A Staffordshire police chief has spoken out about the changing role of policing and the importance of a relationship with the community amid concerns that police are no longer "highly visible" on Burton's streets.
Nick Adderley, assistant chief constable of Staffordshire Police, spoke exclusively to the Burton Mail after it was revealed that just one in five people feel officers are highly visible.
According to the latest Crime Survey for England and Wales, which looks at the period from April last year to March this year, the percentage of the public who said they "never" see police foot patrols has risen by more than half, from 25 per cent to 39 per cent.
Mr Adderley, 50, who is responsible for community policing, operations, fire arms and safeguarding in the county, said a call can take three times as long to deal with as it did back in 2010.
He said: "There are not less police on the beat just less who are visible. This is really important to us because confidence in policing is enhanced by seeing police, but there is a balance to be struck when it comes to how many police should be seen. People feel less safe if lots of police are seen but also unsafe if no police are visible.
"Police officers also feel frustrated because there is less time to do more proactive work but they recognise the importance of professional crimes that they are reactively sent to.
"There is a complexity to this. It takes three times as much to deal with one case as it did back in 2010 when I was a patrol officer but research has shown that in terms of productivity officers in foot cannot attend as quickly as mobile officers.
"We ask a lot more of the officers now. They need to be making judgements quickly and carrying out risk assessments for those who are vulnerable, are suffering domestic abuse or have mental health needs. Investigations are also more costly and the way we police has changed."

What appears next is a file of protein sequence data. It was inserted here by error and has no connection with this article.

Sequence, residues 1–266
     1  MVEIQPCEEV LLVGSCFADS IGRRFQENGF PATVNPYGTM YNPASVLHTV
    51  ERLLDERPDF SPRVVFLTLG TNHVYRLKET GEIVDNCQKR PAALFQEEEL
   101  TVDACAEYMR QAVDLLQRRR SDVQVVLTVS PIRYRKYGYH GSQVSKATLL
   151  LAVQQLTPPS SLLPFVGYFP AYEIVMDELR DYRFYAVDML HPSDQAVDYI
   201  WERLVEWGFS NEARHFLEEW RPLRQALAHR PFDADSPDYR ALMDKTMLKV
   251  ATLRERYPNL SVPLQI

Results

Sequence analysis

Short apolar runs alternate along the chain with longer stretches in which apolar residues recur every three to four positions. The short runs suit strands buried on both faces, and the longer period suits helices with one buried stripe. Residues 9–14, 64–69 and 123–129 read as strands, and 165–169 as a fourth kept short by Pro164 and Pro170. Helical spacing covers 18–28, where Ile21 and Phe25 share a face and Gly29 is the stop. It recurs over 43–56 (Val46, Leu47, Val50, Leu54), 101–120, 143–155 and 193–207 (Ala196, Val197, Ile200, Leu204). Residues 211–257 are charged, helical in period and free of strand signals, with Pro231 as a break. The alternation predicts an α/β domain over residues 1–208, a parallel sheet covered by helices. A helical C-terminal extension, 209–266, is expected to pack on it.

Mr Adderley said a rise in crime and a fall in the number of officers has led to a "perfect storm" but community policing will remain the bedrock of the force.
He said: "We have had a reduction in officers since 2010 while crimes have increased by 9,000 during this time, but our community policing model is committed to maintaining a relationship with residents and people connected to the force so we will continue to work hard to make sure that is preserved.
"Face to face interaction between PCSO's and the community has to be our number one priority and we know that intelligence coming from the community is key to the cornerstone of policing when it comes to reporting terrorism."
Mr Adderley, who has been in the role for nearly two years, said that policing has changed significantly in the last five years and there are a lot of people who now use cyberspace to interact with the force.
He said: "Policing has changed over the last five years but accessibility is as important as ever, we just need to make sure we are geared up for the future.
"People need support when they pick up the phone and most young people want to connect via the force website and not report crime face to face but in cyber space so there has to be a big focus on digital interaction which unfortunately means that there isn't always going to be police officers turning up at your door, sitting down and having a chat with you."
A spokesman for the Home Office, said: "Effective policing is not just about the number of officers on the street but about accessibility - having a presence where people now live their lives and are at risk, for example online.
"The latest data from the independent Crime Survey for England and Wales shows that nearly two-thirds of the public believe that the police are doing a good or excellent job, and we encourage forces to be innovative, including making best use of technology in the way in which they engage so they meet the needs of all sectors of the community."